Feedback is the lifeblood of a writer
By Dennis Jensen
STAFF WRITER | April 13,2014
Photo by Dennis Jensen
Pete Lajoie, the award-winning taxidermist of Shrewsbury, poses next to the mount of a great kudu, voted second-best in the world at the 2013 World Taxidermy Competition. Lajoie had a booth at the Vermont Outdoor Show, held recently in Rutland.
I was waiting for my haircut, my-once-every-six-months haircut, one day last week. I guess it’s a good thing Julie doesn’t have to rely on customers like me; if she did, she’d probably be looking for another occupation.
Anyway, the talk turned to the upcoming spring turkey season and the woman that had Julie styling her hair told me she read me, every week.
“Can I ask you why?” I said.
I was looking, of course, for some profound reason, a glowing assertion about how my copy was so great that, come each Sunday morning, she hurried down the driveway, grabbed her paper and, first thing, she opened it to the Outdoor Page.
She said something like, “My husband reads it and says to me, ‘have you read what he wrote today?’”
I didn’t push it. I guess I was just happy for the fact that she read my copy.
The fact is, readers are the lifeblood of any writer. They validate what we do; a writer without readers is like a host without a tick.
But, even after all these years, it comes as a great surprise when I hear a perfect stranger tell me: I read your stuff, every week.
Even better are those particular readers who neither hunt nor fish. Many of them are women who grew up in a household where hunting and fishing was a way of life. The conversation among the men of the clan, gathered for a meal, would turn to the outdoors and women listened and must have wondered, “What is this thing that drives the emotions so?”
Some readers stake no claim in whatever outdoor skills I may or may not possess. They read me, I’m told, because they like how I write more than what I write about.
Over the years, at social gatherings, at sporting events, on the main street of my home town, even at the place where I get my hair cut, I have been lucky enough to hear from readers.
Most of the time, the feedback is good and sometimes not so. But that’s OK.
I had an editor, some years ago, who called me into his office one afternoon because he got yet another letter to the editor complaining about a very-opinionated column I wrote. I thought, “Here it comes. He’s going to tell me to lighten up, that it’s not a good idea to anger your readers.” I already had an answer: Find another writer to peddle the soft soap.
What he told me that day was this: “We get a surprising amount of negative mail about your writing. But do you know what’s worse than mail from people who don’t like what you have to say? No mail at all. At least they are reading you.”
If writers have anything common in their literary bags, it is this: oversized egos. Work in any newsroom for a while and you will know what I mean. Any writer who claims not to care about feedback is either a liar or that very rare creature, a literary genius.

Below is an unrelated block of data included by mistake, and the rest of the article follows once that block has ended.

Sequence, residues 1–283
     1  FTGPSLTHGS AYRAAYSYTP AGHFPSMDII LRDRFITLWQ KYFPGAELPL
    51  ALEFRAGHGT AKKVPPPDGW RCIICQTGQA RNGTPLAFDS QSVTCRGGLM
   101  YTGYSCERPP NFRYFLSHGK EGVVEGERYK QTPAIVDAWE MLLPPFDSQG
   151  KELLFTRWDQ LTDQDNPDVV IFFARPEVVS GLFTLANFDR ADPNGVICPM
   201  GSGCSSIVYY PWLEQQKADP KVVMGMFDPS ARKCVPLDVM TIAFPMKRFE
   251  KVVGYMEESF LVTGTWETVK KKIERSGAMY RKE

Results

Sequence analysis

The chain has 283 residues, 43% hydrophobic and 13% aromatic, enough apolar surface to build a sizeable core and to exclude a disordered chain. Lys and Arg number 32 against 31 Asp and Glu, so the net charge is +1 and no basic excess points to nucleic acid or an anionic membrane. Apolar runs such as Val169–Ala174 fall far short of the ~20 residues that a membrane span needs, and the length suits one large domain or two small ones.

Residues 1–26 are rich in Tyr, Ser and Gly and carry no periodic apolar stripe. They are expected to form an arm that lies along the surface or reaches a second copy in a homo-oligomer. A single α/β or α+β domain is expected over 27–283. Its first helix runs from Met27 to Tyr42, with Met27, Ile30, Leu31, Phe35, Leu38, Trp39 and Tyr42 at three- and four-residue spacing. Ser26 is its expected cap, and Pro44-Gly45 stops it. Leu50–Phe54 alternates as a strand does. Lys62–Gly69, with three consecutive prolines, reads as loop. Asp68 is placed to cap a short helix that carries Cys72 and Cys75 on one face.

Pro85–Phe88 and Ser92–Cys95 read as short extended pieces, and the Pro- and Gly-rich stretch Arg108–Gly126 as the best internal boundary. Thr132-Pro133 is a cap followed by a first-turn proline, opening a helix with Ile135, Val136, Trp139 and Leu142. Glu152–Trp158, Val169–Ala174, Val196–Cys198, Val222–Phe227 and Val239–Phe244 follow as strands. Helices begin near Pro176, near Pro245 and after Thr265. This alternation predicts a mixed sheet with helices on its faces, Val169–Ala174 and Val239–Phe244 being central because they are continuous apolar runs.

During more than 37 years as writer for two daily newspapers, certain subjects really got the blood flowing. I wrote about corruption in local government, exposed government officials who claimed to be what they were not and was lucky enough to interview some towering figures in sports — Muhammad Ali, Ted Williams, Mike Tyson, Andre Agassi, Larry Holmes, Ben Rodgers Lee and Archie Moore.
Vermont’s George Seldes, perhaps the greatest muckraker who ever lived, was a longtime friend. I even got to interview and spend some time with Dear Abby. She was a hoot.
Each personality was unique, but they all shared a common denominator, a steely, steady confidence that most of us can only dream of.
OK, so big deal, you might say. What’s the point?
The fact is, none of those interviews are probably remembered by longtime readers. But invariably I will bump into people on the street and they will tell me what they think about my weekly outdoor column in the Rutland Herald and the Times Argus.
That is because Vermonters are so passionate about the outdoors. And nothing gets the hearts of Vermonters beating harder than the subject of whitetail deer. Here, in this great, green state, just about everyone is an expert on deer behavior.
I do, of course, have my critics. Some of them are polite. Some of them, reading these words, will shake their heads and claim that — there he goes again — I have strayed off-topic. I have no problems with those who disagree with me when I tell people what I believe. That’s what a columnist does.
I do have a big problem with the insults — some e-mails and letters so personal, so vile, they cannot be repeated in a family newspaper — that have been leveled at me over the years. It’s as if I somehow personally insulted them because I had an opinion. But that, I suppose, goes with the territory.
In closing, I want to send out a big “thank you” to all of those readers — those who like my stuff and those who respectfully disagree — who have been kind enough to let me know that what I write about matters.
No writer, not even a literary master, could ask for more.